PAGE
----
Wednesday, 27 August 2014

Google Docs makes a difference with a difficult class

How to begin to manage a difficult group of students.

This semester I have a 'less engaged" class of Year 10 students. Doing class work is the last thing on their mind. They would much rather listen to music or try and get each other in trouble.
My Year 10 Science class when I first met them - and yes, we do have blue uniforms!
(Source: Wikimedia )
I knew I had a battle on my hands but I did have a secret weapon - Google Docs!

Why Google Docs? Because one of the things that this class likes to do is pretend to do work and yet end up doing very little. They will blame problems with computers, being absent and not understanding the work.  They are pretty good at coming up with excuses.

Google Docs (along with Doctopus) allowed me to create documents for each student using a template and that I own.
As you can see, I am the owner of this file. Nobody can accidentally delete it - including students that I share it with.

This is important because I have control over the file and they cannot be deleted 'accidentally' by students.  This also means that I can add comments and know that, although they can be removed, I can 'resurrect' them when I need to.

How does this help?  Recently the class was working on a lengthy practical report. I had given them class time to do it and a number of them were using the class time well. Others were not.

So what I did was that I went onto their document and wrote a comment on the last thing that they wrote.  The comment was simply the  date.  This was so that I could see how much work they had done.

I also used the comment to indicate if the student was absent.  This would allow me to give them extra time if they needed it.

They don't like it!

Well the effect was electric.  Firstly the students who were not doing a lot of work, started writing comments in reply and then 'resolving' the comment - thinking that they were removing the reminder. Unfortunately for them, they did not realise that you can re-open comments and see what was written previously (just click on the "Comments" button the right and click on the tick to re-open).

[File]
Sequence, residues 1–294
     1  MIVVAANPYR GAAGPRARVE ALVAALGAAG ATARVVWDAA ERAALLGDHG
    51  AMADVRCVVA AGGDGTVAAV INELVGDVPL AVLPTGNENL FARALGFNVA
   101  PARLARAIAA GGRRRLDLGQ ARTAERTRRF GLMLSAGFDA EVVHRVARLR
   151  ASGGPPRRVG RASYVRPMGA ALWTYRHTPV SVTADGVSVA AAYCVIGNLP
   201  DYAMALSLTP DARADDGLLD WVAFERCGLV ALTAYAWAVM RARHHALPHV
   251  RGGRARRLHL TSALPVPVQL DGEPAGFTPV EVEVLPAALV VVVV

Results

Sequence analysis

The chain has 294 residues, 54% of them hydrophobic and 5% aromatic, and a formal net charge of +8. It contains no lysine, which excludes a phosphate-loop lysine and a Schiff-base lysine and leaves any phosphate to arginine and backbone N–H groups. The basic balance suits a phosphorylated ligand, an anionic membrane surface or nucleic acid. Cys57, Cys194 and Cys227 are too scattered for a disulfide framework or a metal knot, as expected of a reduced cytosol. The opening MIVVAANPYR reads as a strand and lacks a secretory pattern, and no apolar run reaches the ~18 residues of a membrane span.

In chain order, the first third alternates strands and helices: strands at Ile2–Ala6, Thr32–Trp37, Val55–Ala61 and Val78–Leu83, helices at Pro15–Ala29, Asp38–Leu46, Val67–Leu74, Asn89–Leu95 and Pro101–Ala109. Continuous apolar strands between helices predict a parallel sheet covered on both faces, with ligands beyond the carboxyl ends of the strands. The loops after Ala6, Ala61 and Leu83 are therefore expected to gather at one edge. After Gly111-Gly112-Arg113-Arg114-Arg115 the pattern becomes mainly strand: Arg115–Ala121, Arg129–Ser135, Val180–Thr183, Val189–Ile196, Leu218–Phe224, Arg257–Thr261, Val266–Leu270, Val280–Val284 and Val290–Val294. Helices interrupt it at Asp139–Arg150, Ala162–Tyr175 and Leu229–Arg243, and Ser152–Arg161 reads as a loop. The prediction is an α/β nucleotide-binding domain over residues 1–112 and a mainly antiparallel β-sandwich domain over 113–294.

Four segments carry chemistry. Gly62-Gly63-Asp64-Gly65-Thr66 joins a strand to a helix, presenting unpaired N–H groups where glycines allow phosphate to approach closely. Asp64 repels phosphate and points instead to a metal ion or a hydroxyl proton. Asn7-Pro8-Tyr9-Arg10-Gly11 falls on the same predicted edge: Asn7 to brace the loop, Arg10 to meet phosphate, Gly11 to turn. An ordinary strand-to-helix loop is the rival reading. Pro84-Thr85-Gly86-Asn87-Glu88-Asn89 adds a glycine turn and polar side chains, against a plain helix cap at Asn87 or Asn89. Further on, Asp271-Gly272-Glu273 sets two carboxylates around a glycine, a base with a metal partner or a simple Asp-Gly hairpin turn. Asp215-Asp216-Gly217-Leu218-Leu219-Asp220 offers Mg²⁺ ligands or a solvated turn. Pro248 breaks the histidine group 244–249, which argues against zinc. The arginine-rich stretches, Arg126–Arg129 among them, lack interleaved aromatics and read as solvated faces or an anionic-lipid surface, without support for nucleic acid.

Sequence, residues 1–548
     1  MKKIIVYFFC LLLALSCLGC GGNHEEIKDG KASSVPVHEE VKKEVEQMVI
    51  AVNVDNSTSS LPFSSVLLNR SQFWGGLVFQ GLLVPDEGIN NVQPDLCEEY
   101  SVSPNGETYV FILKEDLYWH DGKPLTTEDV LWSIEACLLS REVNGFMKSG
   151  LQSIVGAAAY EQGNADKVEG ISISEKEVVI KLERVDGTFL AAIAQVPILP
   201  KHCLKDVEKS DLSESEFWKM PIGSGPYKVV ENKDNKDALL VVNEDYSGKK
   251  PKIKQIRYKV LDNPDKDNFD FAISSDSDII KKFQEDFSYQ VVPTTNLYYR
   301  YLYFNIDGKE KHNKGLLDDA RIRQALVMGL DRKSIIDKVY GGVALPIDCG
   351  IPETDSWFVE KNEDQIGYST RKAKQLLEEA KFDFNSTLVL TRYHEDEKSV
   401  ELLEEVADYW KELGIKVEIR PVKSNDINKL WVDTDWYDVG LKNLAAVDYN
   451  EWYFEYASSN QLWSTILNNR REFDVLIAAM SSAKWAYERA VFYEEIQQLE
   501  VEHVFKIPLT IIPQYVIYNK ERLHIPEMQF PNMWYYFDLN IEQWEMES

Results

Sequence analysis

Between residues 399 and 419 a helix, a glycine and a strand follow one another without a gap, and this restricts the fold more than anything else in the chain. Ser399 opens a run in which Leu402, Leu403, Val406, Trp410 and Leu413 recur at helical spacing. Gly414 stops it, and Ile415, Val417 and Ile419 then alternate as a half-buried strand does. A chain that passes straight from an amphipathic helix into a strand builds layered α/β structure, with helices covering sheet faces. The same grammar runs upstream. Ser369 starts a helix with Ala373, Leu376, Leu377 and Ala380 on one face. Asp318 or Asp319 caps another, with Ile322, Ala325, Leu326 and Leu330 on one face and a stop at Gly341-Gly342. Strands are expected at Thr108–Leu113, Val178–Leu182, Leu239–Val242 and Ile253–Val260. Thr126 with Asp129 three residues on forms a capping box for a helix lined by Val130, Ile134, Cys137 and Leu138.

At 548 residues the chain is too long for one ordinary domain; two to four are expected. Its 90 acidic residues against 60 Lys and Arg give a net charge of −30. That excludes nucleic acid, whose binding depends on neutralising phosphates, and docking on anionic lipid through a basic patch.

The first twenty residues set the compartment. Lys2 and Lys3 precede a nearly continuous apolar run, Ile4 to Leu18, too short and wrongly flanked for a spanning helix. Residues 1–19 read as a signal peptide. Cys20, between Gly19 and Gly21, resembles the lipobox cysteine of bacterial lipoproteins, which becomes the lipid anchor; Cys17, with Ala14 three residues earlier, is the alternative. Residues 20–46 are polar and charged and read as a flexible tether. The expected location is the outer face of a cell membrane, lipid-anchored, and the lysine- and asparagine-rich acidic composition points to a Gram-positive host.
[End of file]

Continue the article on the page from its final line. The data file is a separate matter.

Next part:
After adding the date on the last bit of their work, this student was a little concerned. He later attempted to remove the comment.
Clearly they knew they were being monitored and they were concerned.

More work

One student who, in one lesson did around 50 words, did more than 800 words in the next lesson!  He has nearly finished!  The quality is not great BUT now that I have seen the near-finished product, I can say that to him and show him ways to improve.

Not much work done in this lesson!  After I put my two comments on the right, he increased his output by 400% in the next lesson!

When we have used Word in the past, a number of students: lose their work, cannot print it, mysteriously send it via email (it never appears) or blame technology in general.  No more.

We have not quite finished the reports but if some of them do not finish in time, I will contact parents and be able to show them how much work they have (or haven't) done for the report.

The number of excuses that students can give for not doing work is slowing being reduced...

Saturday, 9 August 2014

Using Google Presentation and Forms for Peer Collaboration and Assessment

Students in my Psychology class recently had to present one stage of Erikson's Psychosocial Stages of Development to the rest of their class.  The content is not important for this post but I did successfully use Google Presentations with the groups in the class and they were able to successfully collaborate in the construction of the presentation and even used the 'chat' feature to ask each other questions and clarify key ideas.